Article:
They’re a natural part of being human. So instead of trying to fix your child’s feelings, focus on being there with them, acknowledging their emotions, creating a safe place and letting them know that it’s totally okay to feel what they’re feeling. You understanding this and communicating this to them makes everything easier. I promise you. I promise.

It’s easier to deal with storms, connect with your kids, hold space for the feelings and let them storm when you understand this model. You don’t want to shut down the storm out of anger or judgment. That’s just going to shove it down and then it’s going to have to recirculate down the road.

Let me give you an example. Think back to when your child was a baby. When your child cried, you saw it as a call for help, not a personal affront. You didn’t take it personally. You didn’t say oh my God, my baby’s giving me a hard time. He’s so disrespectful. I mean, it makes me laugh to even say it because it’s so ridiculous. We didn’t take it personally. When our babies cried, we comforted them. We empathized. We played detective to figure out what they need. I invite you to apply the same principles and skills as they grow older at any age. I’m still doing this with my 19-year-old.

Let me share a real-world example to illustrate this point. Sarah, a mom of an eight-year-old strong-willed child named Ethan, often feels disrespected by him. Stress and tension at home lead her to yell, threaten, and punish Ethan on the regular, especially when he’s storming and uncooperative. Sarah shared this breakthrough moment with me recently.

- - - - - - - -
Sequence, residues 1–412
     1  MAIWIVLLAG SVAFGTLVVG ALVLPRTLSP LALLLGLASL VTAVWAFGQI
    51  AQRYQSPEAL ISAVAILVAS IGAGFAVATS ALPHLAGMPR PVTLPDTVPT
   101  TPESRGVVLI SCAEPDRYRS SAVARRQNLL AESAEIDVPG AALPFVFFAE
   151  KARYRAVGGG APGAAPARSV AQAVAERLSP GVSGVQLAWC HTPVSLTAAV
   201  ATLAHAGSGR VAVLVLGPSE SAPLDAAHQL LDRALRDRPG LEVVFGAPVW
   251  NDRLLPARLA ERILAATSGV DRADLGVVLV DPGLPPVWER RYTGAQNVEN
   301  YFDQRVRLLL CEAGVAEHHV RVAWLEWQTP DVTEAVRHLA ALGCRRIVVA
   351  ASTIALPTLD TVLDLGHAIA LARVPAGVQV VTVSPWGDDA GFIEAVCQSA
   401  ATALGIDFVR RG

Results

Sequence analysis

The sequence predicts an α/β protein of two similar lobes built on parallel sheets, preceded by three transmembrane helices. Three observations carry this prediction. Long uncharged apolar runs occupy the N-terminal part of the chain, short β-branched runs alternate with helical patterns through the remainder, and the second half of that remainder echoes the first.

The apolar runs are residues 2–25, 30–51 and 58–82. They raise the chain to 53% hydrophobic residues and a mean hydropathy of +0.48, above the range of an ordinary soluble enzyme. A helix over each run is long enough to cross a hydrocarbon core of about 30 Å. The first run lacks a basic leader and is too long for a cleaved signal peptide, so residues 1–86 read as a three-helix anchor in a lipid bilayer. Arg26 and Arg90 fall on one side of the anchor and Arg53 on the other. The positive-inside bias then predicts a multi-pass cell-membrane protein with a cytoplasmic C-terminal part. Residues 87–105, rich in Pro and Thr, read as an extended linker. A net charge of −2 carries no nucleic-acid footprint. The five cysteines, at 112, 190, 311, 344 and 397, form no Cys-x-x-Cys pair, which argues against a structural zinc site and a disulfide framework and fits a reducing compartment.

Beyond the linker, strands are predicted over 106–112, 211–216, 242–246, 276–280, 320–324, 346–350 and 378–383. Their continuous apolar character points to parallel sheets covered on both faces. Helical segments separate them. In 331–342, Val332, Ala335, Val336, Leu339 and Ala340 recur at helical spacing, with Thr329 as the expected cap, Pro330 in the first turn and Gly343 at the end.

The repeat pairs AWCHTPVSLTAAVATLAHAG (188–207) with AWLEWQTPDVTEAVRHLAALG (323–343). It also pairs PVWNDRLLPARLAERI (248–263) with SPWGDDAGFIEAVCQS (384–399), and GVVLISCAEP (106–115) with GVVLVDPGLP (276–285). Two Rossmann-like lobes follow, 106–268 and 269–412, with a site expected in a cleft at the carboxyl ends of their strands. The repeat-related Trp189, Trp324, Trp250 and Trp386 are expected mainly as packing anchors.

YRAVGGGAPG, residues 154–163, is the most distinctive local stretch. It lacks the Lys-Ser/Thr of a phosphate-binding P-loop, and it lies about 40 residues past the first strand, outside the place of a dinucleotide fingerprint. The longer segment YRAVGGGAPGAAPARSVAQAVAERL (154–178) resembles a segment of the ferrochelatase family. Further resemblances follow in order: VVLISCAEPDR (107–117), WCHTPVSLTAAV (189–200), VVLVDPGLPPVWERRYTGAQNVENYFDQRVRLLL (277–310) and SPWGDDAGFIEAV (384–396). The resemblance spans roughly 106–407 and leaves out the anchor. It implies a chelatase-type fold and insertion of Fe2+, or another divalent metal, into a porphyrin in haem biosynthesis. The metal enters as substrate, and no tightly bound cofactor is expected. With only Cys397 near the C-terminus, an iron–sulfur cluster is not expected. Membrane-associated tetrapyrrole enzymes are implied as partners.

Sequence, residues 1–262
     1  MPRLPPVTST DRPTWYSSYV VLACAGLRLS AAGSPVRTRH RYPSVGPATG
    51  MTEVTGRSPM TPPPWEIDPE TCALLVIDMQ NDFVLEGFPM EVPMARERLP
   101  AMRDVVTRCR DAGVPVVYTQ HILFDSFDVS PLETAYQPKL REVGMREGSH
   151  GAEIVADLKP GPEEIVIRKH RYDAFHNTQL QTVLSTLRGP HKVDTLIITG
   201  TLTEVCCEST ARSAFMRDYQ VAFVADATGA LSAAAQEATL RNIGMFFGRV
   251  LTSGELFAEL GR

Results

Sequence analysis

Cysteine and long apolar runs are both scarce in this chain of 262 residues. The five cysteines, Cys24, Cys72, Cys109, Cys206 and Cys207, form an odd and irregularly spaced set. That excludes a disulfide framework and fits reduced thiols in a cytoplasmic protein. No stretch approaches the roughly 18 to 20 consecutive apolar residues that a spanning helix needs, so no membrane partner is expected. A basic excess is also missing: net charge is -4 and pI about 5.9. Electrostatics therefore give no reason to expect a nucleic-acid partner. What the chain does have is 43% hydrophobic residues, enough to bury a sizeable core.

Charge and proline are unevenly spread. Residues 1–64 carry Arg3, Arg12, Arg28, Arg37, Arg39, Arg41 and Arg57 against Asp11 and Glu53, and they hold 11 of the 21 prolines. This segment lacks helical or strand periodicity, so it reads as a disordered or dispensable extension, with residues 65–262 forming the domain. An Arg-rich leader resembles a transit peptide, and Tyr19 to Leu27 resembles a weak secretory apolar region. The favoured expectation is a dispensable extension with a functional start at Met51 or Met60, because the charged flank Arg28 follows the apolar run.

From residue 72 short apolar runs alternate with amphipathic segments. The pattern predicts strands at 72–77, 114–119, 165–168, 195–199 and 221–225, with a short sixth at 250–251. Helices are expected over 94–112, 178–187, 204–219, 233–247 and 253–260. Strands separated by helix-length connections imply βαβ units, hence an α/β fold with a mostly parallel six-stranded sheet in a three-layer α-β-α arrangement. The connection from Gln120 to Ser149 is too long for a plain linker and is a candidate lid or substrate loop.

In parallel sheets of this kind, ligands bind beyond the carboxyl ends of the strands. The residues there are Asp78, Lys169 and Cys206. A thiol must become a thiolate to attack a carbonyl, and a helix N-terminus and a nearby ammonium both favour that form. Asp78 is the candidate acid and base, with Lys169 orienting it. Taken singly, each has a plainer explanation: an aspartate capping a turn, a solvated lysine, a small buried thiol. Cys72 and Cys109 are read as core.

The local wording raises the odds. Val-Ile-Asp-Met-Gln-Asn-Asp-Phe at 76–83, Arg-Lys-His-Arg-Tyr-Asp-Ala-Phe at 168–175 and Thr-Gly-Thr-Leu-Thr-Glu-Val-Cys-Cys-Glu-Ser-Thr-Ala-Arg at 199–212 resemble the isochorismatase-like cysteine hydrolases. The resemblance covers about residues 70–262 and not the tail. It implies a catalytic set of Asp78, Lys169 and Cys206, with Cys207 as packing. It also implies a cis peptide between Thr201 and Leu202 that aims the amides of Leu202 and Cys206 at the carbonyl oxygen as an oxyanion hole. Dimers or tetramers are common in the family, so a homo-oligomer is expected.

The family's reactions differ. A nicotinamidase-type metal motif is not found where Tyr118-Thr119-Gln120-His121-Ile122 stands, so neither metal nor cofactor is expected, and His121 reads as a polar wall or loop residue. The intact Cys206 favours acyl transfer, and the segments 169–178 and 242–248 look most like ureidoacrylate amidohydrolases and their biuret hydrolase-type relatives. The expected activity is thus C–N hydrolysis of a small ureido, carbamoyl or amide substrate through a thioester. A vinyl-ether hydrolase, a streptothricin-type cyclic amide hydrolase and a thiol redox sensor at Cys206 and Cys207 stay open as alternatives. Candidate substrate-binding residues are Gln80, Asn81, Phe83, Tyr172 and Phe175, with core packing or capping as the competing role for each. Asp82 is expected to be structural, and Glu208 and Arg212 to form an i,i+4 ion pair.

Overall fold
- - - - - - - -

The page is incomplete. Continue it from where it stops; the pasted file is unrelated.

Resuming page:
She said, “Lisa, today was totally transformational. I picked Ethan up from soccer practice. He was irritable, demanding, and threw his water bottle across the backseat. My brain immediately went to what are you doing? Why are you giving me a hard time? Don’t you know all I do for you? I told him you need to pick that water bottle up right now and put it in his bag. He refused, folded his arms across his chest, and just glared at me.

“I started getting really worked up, and then I heard your voice in my head telling me not to take this personally. I heard you telling me that this is his cry for help and to get curious, not furious. So I said, Ethan, what’s going on? You seem upset. He burst into tears, said he felt embarrassed because he missed a goal, and all of his teammates laughed at him during practice.

“Oh, that’s so tough, buddy. So you felt embarrassed and upset? Yes, mommy, yes. We talked for a bit about how hard it is to feel those feelings. We just sat together in the car. I shared with him how sometimes I feel embarrassed when I make a mistake at work, especially if someone points it out. He actually smiled and said that’s just like me.

“Lisa, by not taking it personally, I was really able to connect with him and understand that the throwing of the water bottle was a cry for help. Later that night, we had a conversation about not throwing water bottles, but in the moment, I was really able to move past taking Ethan’s storming personally. I was able to shift away from anger into curiosity and connect with him. By not taking the storming personally, I was able to see his SOS or cry for help and help him understand his feelings, connect the dots. I was able to be a safe place for him, Lisa, and it felt absolutely amazing.”